Kate Allt/NBC Chicago
Maryland-based company Honest Tea conducted a social experiment to test the honesty of America's cities. They set up honor system booths stocked with tea with a jar requesting $1.
It was a marketing stunt and a social experiment all rolled into one: A company called Honest Tea on Tuesday tested the honesty of Chicagoans.
On the plaza outside the Board of Trade at Water Tower Place and Millennium Park, stands of cold ice tea were set up with nothing more than a clear plastic box and a sign encouraging passers-by to pay on the honor system.
Anybody who wants tea was asked to put a buck in the box.
"It’s an experiment we’re doing all over the country," said Evan Nimke of Honest Beverages.
In Chicago, the lunchtime crowds are taking to the idea. Most people pay for what they take and expect others to do likewise.
"They’ll put a buck in there," said trader Mario DiBartolo. "They are honest people."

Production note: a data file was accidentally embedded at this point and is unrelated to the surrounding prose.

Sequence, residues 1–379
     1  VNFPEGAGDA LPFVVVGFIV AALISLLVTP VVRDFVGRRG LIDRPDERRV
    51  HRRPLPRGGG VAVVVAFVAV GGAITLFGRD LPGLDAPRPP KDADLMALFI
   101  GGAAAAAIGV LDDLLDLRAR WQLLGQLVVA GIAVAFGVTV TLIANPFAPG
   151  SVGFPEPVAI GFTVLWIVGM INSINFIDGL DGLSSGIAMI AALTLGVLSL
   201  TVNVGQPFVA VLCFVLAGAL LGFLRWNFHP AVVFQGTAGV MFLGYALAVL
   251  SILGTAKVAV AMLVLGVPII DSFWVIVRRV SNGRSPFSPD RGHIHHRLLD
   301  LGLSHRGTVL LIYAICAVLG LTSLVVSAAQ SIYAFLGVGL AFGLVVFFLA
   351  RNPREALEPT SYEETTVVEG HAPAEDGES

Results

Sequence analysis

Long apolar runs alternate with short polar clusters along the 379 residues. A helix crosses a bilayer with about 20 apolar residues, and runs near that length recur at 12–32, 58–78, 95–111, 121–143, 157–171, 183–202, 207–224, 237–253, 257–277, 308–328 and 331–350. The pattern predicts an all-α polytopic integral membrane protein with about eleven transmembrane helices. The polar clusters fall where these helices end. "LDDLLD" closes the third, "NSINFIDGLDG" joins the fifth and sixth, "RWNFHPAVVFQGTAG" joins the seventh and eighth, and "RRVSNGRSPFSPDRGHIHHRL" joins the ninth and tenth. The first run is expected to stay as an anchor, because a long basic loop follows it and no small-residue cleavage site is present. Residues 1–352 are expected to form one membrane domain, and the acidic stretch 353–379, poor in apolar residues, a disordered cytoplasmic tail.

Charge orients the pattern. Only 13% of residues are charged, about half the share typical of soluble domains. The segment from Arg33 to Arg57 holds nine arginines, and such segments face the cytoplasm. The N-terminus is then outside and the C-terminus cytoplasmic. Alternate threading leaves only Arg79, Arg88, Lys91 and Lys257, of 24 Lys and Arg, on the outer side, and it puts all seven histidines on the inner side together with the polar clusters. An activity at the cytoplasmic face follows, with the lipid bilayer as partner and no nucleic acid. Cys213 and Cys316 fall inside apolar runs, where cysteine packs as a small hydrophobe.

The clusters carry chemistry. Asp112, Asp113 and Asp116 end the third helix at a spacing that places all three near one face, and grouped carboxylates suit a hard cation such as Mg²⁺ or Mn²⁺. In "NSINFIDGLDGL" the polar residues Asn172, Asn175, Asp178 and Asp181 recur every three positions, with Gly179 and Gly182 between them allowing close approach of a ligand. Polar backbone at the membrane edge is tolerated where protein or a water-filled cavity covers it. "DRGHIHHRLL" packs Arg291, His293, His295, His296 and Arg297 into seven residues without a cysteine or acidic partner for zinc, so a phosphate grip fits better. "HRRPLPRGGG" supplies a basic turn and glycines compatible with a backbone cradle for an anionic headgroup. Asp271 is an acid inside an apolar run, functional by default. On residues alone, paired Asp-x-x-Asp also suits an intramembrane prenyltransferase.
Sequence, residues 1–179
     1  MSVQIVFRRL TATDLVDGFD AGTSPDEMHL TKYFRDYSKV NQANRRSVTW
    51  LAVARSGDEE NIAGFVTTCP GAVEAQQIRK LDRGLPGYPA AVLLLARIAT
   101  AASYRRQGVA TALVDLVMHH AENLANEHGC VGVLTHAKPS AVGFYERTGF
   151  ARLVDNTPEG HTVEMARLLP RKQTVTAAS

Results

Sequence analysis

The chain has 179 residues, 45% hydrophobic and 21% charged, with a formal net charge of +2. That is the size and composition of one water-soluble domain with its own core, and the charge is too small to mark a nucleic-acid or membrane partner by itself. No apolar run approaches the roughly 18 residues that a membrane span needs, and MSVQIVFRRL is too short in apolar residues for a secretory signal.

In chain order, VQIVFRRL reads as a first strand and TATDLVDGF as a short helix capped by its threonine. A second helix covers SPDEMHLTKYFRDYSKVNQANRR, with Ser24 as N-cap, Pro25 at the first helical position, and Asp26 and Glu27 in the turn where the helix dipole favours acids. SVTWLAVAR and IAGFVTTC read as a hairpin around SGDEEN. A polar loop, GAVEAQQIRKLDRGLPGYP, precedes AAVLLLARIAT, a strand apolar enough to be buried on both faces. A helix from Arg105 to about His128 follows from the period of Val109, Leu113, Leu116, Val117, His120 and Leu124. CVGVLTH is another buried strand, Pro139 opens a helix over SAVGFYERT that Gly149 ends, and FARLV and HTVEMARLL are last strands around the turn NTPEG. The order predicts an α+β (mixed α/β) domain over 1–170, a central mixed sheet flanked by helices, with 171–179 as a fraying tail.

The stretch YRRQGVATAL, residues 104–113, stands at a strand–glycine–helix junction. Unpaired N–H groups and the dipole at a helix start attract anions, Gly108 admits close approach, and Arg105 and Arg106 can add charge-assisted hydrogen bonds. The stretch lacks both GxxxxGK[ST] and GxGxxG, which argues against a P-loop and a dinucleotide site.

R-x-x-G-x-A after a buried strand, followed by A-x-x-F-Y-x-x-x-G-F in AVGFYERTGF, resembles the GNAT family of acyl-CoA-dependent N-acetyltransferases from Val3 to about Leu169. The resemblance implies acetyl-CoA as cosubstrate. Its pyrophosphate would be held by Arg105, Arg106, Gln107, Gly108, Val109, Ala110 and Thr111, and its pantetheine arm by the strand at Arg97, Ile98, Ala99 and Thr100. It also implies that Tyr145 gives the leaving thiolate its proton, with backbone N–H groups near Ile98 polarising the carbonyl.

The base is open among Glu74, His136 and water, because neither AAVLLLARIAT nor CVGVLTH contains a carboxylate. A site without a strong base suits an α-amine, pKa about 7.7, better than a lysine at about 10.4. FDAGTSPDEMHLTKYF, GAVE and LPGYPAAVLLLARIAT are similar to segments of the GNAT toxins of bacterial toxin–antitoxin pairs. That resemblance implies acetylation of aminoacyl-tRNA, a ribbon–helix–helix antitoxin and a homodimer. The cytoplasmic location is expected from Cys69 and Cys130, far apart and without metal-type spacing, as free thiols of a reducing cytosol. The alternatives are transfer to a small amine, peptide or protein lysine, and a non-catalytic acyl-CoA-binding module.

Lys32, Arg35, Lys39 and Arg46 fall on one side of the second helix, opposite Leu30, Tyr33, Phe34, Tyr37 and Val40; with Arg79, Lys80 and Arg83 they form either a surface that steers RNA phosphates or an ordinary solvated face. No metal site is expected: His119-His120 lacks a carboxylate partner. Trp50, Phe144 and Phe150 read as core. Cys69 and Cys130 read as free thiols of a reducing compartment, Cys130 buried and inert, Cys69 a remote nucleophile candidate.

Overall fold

Honest Beverages has set up similar stands in cities like Boston and New York with varying results. On Wall Street, only 89 percent of people paid up, but in Beantown the number was more than 93 percent.
How is Chicago doing? With two days under his belt, Nimke said the numbers are promising.
"Chicago seems to be a pretty honest city," he said.
One tea buyer agrees.
"Somebody has to be honest in Chicago," she said. "It’s the people, not the politicians."
The results of the experiment will be posted to Honest Tea's YouTube channel.